Dr. Matthew Romo, an epidemiology doctoral student, and Dr. Elizabeth Kelvin, a professor at the CUNY Graduate School of Public Health and Health Policy studied the impact of bullying victimization on suicide and other negative health behavior among adolescents in five Latin American countries. The findings were published in the Pan American Journal of Public Health.
The goal of the study was to compare the prevalence of bullying victimization, suicide ideation, suicidal attempts and negative health behaviors, defined as current tobacco use, recent heavy alcohol use, truancy, physical fighting, and unprotected sexual intercourse. The researchers explored both bullying type and frequency.
The study utilized the Global School-based Student Health Surveys from Bolivia, Costa Rica, Honduras, Peru, and Uruguay. The surveys were nationally representative samples of school-going adolescents. The sample included 14,560 adolescents, ages 13 to 15 years old.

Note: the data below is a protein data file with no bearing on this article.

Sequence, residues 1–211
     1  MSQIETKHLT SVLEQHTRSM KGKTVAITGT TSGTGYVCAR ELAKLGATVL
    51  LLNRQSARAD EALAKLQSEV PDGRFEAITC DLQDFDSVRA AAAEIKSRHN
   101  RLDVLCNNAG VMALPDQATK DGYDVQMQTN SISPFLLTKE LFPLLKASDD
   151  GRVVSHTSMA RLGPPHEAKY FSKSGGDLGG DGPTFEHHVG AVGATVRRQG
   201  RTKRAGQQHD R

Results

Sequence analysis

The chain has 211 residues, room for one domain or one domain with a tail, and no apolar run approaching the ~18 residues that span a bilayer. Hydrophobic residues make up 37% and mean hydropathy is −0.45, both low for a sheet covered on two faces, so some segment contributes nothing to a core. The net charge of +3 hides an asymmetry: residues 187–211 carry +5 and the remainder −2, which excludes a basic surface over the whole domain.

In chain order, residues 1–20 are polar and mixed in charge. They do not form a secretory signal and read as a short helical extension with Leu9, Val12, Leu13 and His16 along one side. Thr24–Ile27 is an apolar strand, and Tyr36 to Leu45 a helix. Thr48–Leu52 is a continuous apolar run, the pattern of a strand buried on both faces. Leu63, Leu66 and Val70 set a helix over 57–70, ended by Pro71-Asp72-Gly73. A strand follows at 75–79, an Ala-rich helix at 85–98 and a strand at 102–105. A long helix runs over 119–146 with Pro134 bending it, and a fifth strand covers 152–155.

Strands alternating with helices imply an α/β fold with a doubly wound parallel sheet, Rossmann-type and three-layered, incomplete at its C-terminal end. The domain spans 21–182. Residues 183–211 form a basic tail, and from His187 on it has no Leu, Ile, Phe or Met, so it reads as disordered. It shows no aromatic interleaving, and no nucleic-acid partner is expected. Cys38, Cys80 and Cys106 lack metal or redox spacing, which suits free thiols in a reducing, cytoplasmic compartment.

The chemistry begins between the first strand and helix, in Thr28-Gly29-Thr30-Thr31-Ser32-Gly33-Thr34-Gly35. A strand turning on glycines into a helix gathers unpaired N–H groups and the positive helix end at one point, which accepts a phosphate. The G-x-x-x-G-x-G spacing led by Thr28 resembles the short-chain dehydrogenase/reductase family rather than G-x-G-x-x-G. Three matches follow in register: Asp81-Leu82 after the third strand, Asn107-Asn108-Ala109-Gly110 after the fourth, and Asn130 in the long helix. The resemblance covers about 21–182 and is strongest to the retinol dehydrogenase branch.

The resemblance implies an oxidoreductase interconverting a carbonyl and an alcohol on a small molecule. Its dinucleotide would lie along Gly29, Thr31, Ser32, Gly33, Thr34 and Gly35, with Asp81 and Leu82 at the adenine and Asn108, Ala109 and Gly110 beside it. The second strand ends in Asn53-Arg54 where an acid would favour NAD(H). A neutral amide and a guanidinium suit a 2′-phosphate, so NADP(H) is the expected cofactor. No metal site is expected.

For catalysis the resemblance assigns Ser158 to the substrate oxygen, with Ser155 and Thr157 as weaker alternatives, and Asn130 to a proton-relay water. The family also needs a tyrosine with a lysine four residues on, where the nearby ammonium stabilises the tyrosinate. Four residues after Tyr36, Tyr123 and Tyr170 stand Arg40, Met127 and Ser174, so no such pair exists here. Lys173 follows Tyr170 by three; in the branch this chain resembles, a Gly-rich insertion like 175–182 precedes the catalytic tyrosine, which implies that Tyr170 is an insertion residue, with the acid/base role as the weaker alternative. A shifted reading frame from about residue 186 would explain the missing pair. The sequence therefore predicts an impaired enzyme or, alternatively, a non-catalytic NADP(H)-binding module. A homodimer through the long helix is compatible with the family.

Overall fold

The prevalence of any bullying victimization in the past 30 days was 37.8 percent. Bullying victimization was associated with significantly greater odds of suicidal ideation with planning and at least one suicide attempt. An increasing exposure–response effect of increasing days of bullying victimization on suicide outcomes was also observed. Bullying victimization was associated with significantly higher odds of current tobacco use, truancy, physical fighting, and unprotected sexual intercourse.
The research team concluded that the prevalence of bullying victimization varied by country, but its association with suicidal ideation and behavior and negative health behaviors remained relatively consistent. They felt that addressing bullying needs to be a priority in Latin America, and that an integrated approach including mental and physical health promotion is also needed.